10.11.18

Murray Pushes Surgeon General to Address Rising STD Rates

Following report showing increase in STDs, Senator Murray sends letter demanding Surgeon General take action

 

Nearly 2.3 million cases of chlamydia, gonorrhea, and syphilis were reported to the Centers for Disease Control and Prevention in 2017, a 9 percent increase from 2016

 

Murray calls for response that also addresses large health disparities shown by CDC report

 

STDs can be prevented with quality sex education, safe sex practices, vaccines, and frequent STD screenings

 

Murray: “The continued rise in STD rates is in sharp contrast with declining rates observed just a few years ago and demonstrates a clear need for federal, state, and local public health agencies, providers, and policy officials to act immediately.”

 

Washington, D.C. – Yesterday, U.S. Senator Patty Murray (D-WA), Ranking Member of the Senate Health, Education, Labor and Pensions (HELP) Committee, sent a letter to Surgeon General Jerome Adams pressing him to take steps to address the rising number of sexually transmitted disease (STD) cases. The Senator also stressed the disproportionate effect of STDs on LGBTQ and minority communities and the importance of targeted prevention efforts.

 

“The continued rise in STD rates is in sharp contrast with declining rates observed just a few years ago and demonstrates a clear need for federal, state, and local public health agencies, providers, and policy officials to act immediately,” wrote Senator Murray. “The Surgeon General can and should play a role in addressing increasing rates of STDs. I write to ask that you take immediate action to raise public awareness of the problem and engage all relevant federal agencies in taking evidence-based steps to address the problem, with particular focus on prevention amongst populations most at risk of contracting STDs.”

 

Last month, the Centers for Disease Control and Prevention (CDC) released their annual STD Surveillance report which showed rising STD rates across the country. According to the report, in 2017 there were 2.3 million confirmed cases of chlamydia, gonorrhea, and syphilis, a 9 percent increase since 2016.

 

The text of the letter is below and the PDF is HERE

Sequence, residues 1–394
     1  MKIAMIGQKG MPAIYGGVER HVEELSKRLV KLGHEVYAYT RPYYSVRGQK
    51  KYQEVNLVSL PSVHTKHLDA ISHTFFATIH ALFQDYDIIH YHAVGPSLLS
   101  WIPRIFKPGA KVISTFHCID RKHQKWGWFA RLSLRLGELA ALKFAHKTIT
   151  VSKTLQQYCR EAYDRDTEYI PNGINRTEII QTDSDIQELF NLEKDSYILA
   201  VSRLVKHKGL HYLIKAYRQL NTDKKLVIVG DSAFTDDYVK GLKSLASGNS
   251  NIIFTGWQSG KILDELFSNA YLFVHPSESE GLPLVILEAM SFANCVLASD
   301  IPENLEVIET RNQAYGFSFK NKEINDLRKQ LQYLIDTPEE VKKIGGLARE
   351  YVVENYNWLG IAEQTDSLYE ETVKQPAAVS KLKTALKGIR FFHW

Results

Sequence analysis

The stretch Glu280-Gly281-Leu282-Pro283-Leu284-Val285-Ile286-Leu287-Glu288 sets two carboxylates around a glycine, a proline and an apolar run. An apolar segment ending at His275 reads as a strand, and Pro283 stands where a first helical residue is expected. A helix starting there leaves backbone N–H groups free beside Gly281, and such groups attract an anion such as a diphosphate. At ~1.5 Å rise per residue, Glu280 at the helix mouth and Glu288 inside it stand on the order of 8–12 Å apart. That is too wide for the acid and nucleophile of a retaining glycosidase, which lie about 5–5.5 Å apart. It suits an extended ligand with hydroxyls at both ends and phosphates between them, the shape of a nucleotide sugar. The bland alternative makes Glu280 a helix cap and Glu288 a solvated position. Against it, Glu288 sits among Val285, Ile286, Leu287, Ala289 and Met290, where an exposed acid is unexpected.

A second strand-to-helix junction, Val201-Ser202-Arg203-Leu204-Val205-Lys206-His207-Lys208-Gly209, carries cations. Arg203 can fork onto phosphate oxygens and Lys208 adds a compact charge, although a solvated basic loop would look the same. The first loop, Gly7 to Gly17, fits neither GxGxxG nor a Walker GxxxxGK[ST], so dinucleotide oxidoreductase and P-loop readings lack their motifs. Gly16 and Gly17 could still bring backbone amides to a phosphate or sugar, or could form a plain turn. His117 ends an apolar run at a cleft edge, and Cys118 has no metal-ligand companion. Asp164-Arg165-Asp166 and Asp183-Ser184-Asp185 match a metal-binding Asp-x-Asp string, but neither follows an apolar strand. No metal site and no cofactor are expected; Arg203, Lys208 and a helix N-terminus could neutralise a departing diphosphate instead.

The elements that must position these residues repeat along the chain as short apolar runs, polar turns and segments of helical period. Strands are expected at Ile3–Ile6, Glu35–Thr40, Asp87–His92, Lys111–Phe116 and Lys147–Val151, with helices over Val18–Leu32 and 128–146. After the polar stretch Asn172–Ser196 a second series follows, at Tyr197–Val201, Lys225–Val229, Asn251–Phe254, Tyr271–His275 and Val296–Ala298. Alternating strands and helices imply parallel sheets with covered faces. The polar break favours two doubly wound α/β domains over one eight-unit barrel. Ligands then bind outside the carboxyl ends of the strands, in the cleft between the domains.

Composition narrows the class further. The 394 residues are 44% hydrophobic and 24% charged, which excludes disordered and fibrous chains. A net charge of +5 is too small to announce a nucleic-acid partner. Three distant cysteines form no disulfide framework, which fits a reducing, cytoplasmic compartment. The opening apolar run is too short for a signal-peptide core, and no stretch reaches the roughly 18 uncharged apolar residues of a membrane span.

October 10, 2018

The Honorable Jerome M. Adams, M.D., M.P.H.

Surgeon General of the United States

Office of the Surgeon General

U.S. Department of Health and Human Services

200 Independence Avenue SW

Humphrey Building, Suite 701H

Washington, DC 20201

 

Dear Dr. Adams,

 

Last month, the Centers for Disease Control and Prevention (CDC) released new data demonstrating that rates of sexually transmitted diseases (STDs) continue to rise across the country. This follows recent reports from the Washington State Department of Health showing that rates of STDs like chlamydia, syphilis, and gonorrhea are up across the state.[1] According to the CDC’s newly released annual STD Surveillance report there were almost 2.3 million confirmed cases of chlamydia, gonorrhea, and syphilis reported across the U.S. in 2017,[2]  an increase of more than 9 percent since 2016.[3] The continued rise in STD rates is in sharp contrast with declining rates observed just a few years ago and demonstrates a clear need for federal, state, and local public health agencies, providers, and policy officials to act immediately. Although the CDC works closely with state and local health departments to prevent the spread of STDs by providing funding, resources, training, and technical assistance,[4] these latest reports point to the need for bolstered public health education and interventions, strong and sustained support for CDC and other public health agencies, and critical engagement by health care providers and sexual health educators to deal with the scope, impact, and consequences of STDs. The Surgeon General can and should play a role in addressing increasing rates of STDs. I write to ask that you take immediate action to raise public awareness of the problem and engage all relevant federal agencies in taking evidence-based steps to address the problem, with particular focus on prevention amongst populations most at risk of contracting STDs.